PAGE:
Jared Diamond

Jared Diamond: The World Until Yesterday | April 23, 2015

The EWU President's Forum for Critical Thought is a lecture series presented by the Daniel and Margaret Carper Foundation.

The World Until Yesterday

Thursday, April 23, 2015
1 p.m., Showalter Auditorium, EWU
7 p.m., Martin Woldson Theater at the Fox, Spokane

Speaking about his book, The World Until Yesterday: What Can We Learn From Traditional Societies?, Jared Diamond provides a firsthand picture of the human past as it had been for millions of years-a past that has mostly vanished- and considers what the differences between that past and our present mean for our lives today. He doesn't romanticize traditional societies but he finds that their solutions to universal human problems such as child rearing, elder care, dispute resolution, risk and physical fitness have much to teach us. Focusing on how we can improve contemporary society by learning lessons from the past, Diamond's message is both urgent and persuasive: With some thought and effort, we can have the best of both worlds.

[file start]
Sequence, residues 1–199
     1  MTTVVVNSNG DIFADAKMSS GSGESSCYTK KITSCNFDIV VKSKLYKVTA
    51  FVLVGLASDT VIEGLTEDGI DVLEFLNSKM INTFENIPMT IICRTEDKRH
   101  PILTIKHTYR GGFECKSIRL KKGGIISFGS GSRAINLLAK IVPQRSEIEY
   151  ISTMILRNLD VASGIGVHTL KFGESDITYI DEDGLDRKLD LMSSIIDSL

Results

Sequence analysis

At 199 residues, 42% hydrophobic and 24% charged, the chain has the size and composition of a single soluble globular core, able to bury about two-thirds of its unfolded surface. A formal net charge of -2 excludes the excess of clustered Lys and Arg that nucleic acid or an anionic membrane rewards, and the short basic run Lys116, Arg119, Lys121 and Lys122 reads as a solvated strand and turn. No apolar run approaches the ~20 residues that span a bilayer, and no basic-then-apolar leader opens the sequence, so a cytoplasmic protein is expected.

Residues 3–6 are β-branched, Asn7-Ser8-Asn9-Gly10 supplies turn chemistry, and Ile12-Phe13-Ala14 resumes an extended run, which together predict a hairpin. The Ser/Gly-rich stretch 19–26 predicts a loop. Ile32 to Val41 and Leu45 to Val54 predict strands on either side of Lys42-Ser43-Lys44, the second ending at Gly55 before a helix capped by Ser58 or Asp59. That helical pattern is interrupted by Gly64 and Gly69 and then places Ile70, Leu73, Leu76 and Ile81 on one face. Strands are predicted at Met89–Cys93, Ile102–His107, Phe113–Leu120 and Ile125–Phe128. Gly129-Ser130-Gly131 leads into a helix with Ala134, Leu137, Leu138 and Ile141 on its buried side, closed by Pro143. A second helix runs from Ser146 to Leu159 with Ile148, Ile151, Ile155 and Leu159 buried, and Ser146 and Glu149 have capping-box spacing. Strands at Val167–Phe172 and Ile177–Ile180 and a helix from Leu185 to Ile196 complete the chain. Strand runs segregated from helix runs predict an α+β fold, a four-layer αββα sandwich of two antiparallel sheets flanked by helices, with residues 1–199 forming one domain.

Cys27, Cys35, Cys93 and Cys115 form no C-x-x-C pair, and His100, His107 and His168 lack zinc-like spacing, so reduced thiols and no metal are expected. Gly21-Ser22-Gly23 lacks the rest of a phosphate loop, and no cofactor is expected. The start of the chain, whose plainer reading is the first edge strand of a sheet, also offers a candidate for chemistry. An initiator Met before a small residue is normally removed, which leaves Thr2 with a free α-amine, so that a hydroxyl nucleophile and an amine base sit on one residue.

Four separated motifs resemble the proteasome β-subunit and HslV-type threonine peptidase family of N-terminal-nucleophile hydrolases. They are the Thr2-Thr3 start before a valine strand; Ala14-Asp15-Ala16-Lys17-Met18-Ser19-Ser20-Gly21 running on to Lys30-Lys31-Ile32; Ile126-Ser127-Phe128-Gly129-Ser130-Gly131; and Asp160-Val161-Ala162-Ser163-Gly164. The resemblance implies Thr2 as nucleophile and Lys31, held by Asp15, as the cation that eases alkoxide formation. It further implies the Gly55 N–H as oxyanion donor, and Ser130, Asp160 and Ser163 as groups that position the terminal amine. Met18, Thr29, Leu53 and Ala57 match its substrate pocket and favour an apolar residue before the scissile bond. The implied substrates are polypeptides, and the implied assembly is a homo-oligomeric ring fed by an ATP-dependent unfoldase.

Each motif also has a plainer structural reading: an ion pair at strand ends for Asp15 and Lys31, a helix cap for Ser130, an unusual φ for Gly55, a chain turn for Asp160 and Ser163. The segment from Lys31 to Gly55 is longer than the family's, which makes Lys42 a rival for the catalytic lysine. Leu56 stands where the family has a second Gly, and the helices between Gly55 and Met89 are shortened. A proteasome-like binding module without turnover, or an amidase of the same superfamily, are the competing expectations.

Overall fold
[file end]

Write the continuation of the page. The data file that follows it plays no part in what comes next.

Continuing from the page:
This is Diamond's most personal speech to date, as he draws extensively from his decades of field work in the Pacific islands, as well as evidence from Inuit, Amazonian Indians, Kalahari San people and others. A characteristically provocative, enlightening and entertaining talk, The World Until Yesterday is essential and delightful for all audiences.

Currently a professor of Geography at UCLA, Jared Diamond has received some of the world's most prestigious awards, including a MacArthur Genius Grant, the Dickson Prize in Science, the Tyler Prize for Environmental Achievement and the National Medal of Science, America's highest civilian award in science.

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